The SL also gives each of the members of the EPW and search team a portion of the OBJ to search and identifies a consolidation point for all enemy equipment. If the teams find something that they cannot identify, they take the unknown equipment with them unless it interferes with the squad’s mission. If the equipment is too large to carry or hinders the mission, the teams take a picture or make a sketch of that equipment before destroying it in place.

The RTO must record all information the EPW and search teams call out. Additionally, the RTO keeps time by starting his stopwatch at the initial contact and calling out the time on the OBJ in one-minute increments.

DEMO TEAMS: Once the EPW and search teams consolidate all enemy weapons and equipment at the point the SL designated, the SL calls for the Demo team. The SL gives the Demo team tasks, conditions, and standards about how and where the Demo team should destroy the enemy equipment. The squad wants to destroy the equipment so that the enemy can no longer use it against friendly forces, but the squad may or may not have Demo. If the squad has no Demo, the team may destroy enemy weapons by field stripping the weapons and taking the bolts with the squad. If the squad has Demo, the Demo team prepares the charge, gives the M81 initiators to the SL, and returns their positions on the perimeter. At this point, the SL begins the withdrawal from the OBJ.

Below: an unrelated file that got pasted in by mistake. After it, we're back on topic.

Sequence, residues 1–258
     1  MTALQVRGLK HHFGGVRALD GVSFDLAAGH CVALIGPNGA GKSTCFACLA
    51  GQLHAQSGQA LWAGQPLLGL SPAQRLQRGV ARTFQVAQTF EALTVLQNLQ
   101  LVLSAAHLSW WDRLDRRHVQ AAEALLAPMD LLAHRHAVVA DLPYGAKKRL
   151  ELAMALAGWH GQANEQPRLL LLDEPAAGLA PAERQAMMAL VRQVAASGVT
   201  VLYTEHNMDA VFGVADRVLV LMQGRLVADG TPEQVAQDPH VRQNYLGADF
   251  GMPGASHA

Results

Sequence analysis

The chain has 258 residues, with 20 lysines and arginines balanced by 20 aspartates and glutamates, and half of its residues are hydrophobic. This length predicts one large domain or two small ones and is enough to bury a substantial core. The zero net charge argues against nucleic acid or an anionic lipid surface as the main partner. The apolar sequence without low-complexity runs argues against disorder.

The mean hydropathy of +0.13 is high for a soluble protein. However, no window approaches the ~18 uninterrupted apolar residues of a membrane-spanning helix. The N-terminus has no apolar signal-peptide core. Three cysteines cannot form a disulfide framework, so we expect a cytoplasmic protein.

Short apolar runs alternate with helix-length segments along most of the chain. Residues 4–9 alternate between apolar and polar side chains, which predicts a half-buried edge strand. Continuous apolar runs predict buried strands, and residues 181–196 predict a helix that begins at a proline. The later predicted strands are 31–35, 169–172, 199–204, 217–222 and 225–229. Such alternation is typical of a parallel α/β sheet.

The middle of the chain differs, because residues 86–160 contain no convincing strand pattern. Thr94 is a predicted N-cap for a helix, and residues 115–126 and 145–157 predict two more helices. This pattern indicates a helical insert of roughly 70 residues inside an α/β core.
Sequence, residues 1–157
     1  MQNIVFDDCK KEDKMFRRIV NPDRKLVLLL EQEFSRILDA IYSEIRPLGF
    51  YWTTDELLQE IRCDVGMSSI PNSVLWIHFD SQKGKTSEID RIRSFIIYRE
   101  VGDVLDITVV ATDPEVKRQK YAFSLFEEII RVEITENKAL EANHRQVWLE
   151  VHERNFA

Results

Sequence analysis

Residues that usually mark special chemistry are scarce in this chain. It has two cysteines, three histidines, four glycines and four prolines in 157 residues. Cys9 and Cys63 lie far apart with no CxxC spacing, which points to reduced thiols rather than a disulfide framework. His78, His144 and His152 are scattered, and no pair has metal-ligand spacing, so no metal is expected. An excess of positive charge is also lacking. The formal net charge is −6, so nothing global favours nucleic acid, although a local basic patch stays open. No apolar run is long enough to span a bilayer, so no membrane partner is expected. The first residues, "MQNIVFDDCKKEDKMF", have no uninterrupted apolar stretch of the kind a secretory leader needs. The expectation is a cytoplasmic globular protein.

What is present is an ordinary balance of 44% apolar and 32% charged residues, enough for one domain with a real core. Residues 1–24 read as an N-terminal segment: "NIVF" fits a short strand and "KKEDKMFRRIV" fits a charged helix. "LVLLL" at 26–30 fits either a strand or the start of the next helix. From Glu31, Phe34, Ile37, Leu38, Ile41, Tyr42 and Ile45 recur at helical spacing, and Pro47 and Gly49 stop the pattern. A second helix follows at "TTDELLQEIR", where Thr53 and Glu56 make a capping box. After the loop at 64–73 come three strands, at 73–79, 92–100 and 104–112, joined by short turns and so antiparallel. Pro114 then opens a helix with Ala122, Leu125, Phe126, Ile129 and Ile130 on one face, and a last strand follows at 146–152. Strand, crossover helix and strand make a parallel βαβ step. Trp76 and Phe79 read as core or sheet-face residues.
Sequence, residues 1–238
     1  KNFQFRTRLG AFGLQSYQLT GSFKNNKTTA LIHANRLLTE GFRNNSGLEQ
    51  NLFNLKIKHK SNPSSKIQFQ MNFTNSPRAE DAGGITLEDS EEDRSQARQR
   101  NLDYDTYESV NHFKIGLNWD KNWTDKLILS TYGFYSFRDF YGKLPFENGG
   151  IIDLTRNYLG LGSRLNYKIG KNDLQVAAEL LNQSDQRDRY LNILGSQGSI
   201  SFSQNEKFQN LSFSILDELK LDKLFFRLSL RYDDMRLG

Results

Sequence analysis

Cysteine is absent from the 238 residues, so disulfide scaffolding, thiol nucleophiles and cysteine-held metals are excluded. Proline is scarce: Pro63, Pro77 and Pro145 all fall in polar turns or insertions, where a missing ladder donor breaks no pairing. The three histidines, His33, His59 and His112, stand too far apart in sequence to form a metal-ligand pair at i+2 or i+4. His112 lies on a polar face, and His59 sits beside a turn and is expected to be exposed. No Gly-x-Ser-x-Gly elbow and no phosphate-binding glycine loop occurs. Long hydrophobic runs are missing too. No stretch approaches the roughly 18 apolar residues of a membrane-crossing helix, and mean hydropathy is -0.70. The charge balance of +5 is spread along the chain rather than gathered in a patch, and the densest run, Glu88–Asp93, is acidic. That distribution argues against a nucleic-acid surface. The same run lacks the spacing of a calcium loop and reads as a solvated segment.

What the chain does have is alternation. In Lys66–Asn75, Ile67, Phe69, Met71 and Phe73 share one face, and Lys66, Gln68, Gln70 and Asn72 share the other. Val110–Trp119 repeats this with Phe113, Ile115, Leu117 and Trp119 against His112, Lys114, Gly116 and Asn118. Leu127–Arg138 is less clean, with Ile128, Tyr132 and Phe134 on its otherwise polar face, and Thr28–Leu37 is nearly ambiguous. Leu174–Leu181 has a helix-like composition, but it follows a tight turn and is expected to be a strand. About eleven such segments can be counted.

To begin the withdrawal from the objective, the SL must determine which team to send back first to recover their rucksacks. It is recommended that the SL sends the team that has the furthest to travel back first. This enables the squad to clear through the area where they dropped rucksacks in a controlled manner rather than having to pass one fire team through another, which potentially masks a team’s fires if the enemy counter-attacks. Moving the teams in a controlled manner assists in maintaining security and decreases the chance of fratricide.

If the Squad Leader has DEMO, he waits until the last team withdraws from the OBJ. When the last soldier from that team passes the SL, he pulls the M81 fuse igniters to ignite the time fuse. Once the SL sees the time fuse actually burning, he calls out “burning” and radios the message to his TLs. Once the SL successfully initiates the Demo charge, he and the RTO move from the OBJ to their rucksacks to get ready to move.

The SL will get a “thumbs up” from the TL confirming they have accountability of their Men, Weapons, and Equipment and are prepared to move. The SL gives the signal to move out and calls Higher with a complete SALUTE report.


A far ambush occurs beyond hand-grenade range, which is 35 meters away. In a far ambush, the element in contact (in this case the squad) reacts to contact and either conducts a squad attack (found here) or breaks contact (found here).The SL consolidates and reorganizes, reports the situation to Higher, and continues the mission.

One thing to note is that throughout React to Ambush, the SL should always consider using indirect fires. While at Ranger School or Sapper Leader Course, if you have someone who is EXTREMELY competent on calling for fire, use this to your advantage. 

This was a summary of how you will be expected to react to a near and far ambush at Ranger and Sapper School. 

You can continue learning by reading React to Indirect Fire.

React to Indirect Fire can be found here.

Leave a comment

Please note, comments need to be approved before they are published.